"How are we going to live like this?" Elizabeth asks at the end of the second episode. The deer-in-headlights scene is ominous: Something is coming, and she is trapped in the middle, a mother trying to protect her children.

While the characters and their internal conflicts have the feel of authenticity, the actual espionage on the show, at times, can be silly. Although Soviet agents were known to use sex to extort secrets, the show has a tendency to go overboard. "Let's just say it's contrived," John Prados, a historian at the National Security Archive, told Vulture last year. But a show about Soviet spies listening to radios -- or Russian spies reading newspapers and going to PTA meetings, as was the case with the 2010 espionage incident that partially inspired the series -- wouldn't make for as exciting a show.

The international politics depicted are less contrived and are secondary to the personal lives and loves of the characters. It's 1981, the Soviets are in Afghanistan, and in the new season's first episode Philip, disguised as a Charlie Wilson-esque Texan in a yoked sports coat and ten-gallon hat, meets with a pair of mujahideen. "We love America. With your guidance and the help of Allah, we will drive the godless Communists from Afghanistan," a mujahid tells him. "It's good to have the same enemy." But the mission doesn't seem essential to the plot; the scene is more a matter of explaining Philip's mood later in the episode than about great-power politics.

Similarly, one of the first season's best episodes dealt with the aftermath of the attempted assassination of Reagan. What made the episode compelling was Philip and Elizabeth's scramble to try to find out what would happen next and the cultural disconnect between their lives in the West and their overseers in Moscow. Historical events, for the most part, happen off-screen, and the show avoids the trap of clumsily relying on these moments to drive the plot. (For a counterexample, go back and watch the let's-bludgeon-you-with-the-historical-significance approach of Pan Am.) The Americans thrives on understatement -- fitting for a show about spooks. Historical events are incidental. They inform the show, but they're rarely essential to the plot.

That was the intent of Joe Weisberg, the show's creator and a veteran of the CIA. "The most interesting thing I observed during my time at the CIA was the family life of agents who served abroad with kids and spouses," he told Time magazine last year. "We already know how the Cold War ends. Nobody knows how this marriage will end." At its core, The Americans is about people reconciling their loyalties to the people and ideals they love -- for example, the Jenningses' duty to spy for the Soviet Union and their duty to protect their children, or Beeman's feelings for the Bureau and his source clouding his feelings for his family. The show has heart, making its Washington more The West Wing than House of Cards. (That might be by design: The new season's first episode is directed by Thomas Schlamme, who was an executive producer for The West Wing's first four seasons.)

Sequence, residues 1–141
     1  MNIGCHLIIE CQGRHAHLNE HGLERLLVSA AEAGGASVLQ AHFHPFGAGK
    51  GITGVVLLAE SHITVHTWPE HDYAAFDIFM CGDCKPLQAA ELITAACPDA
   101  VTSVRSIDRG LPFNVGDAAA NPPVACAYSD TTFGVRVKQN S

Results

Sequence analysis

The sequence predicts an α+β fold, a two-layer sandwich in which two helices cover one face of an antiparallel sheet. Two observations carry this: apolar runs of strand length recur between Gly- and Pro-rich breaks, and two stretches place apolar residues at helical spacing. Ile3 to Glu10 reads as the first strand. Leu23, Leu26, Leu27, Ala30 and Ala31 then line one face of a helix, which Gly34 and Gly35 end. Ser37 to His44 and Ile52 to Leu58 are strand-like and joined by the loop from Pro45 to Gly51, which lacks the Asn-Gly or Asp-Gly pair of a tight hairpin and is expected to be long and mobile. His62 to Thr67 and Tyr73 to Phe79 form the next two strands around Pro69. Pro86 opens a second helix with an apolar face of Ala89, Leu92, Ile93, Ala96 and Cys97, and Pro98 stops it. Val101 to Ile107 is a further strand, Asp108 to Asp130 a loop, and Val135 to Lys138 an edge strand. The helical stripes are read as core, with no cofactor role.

And that's its strength. Frank Underwood, the protagonist of House of Cards, is an outright villain motivated only by power. The Jennings and the other characters on The Americans are driven by something more. Even as they kill Americans and steal secrets in a quiet war against the United States, it's clear that wanton greed isn't part of the equation. "I see all that money in your bag; you didn't spend a penny. You didn't do it for the money; you did it for something much bigger," Philip tells a source. Elizabeth, called out to help a new Cuban spy, tells her in a rare moment of sincerity, "Your revolution is beautiful. It's a foothold for us in Central America. We're here to help you. Call anytime." And then there are the children to think about.

You don't have to agree with their ideals, but at least they have them. And that makes for a much more human, much more watchable Washington.

Photo: FX Networks

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All (Not) Quiet on Ukraine’s Eastern Front

Revolutionaries in Kiev are cheering the ouster of Ukrainian President Viktor Yanukovych, but elsewhere in the country a backlash is not so quietly brewing between the country's pro-Western protest movement and those who would much rather see the country remain in Russia's orbit.

Throughout the crisis in Ukraine, analysts have made much of the divide between the country's Ukrainian-speakers in the west and its Russian-speakers in the east. That division has fueled much of the conflict that resulted in Yanukovych's departure from office over the weekend and serves as the basis of the existential question at the root of the crisis: Will Ukraine hitch its fortunes to the West and the European Union or move deeper into the Russian orbit?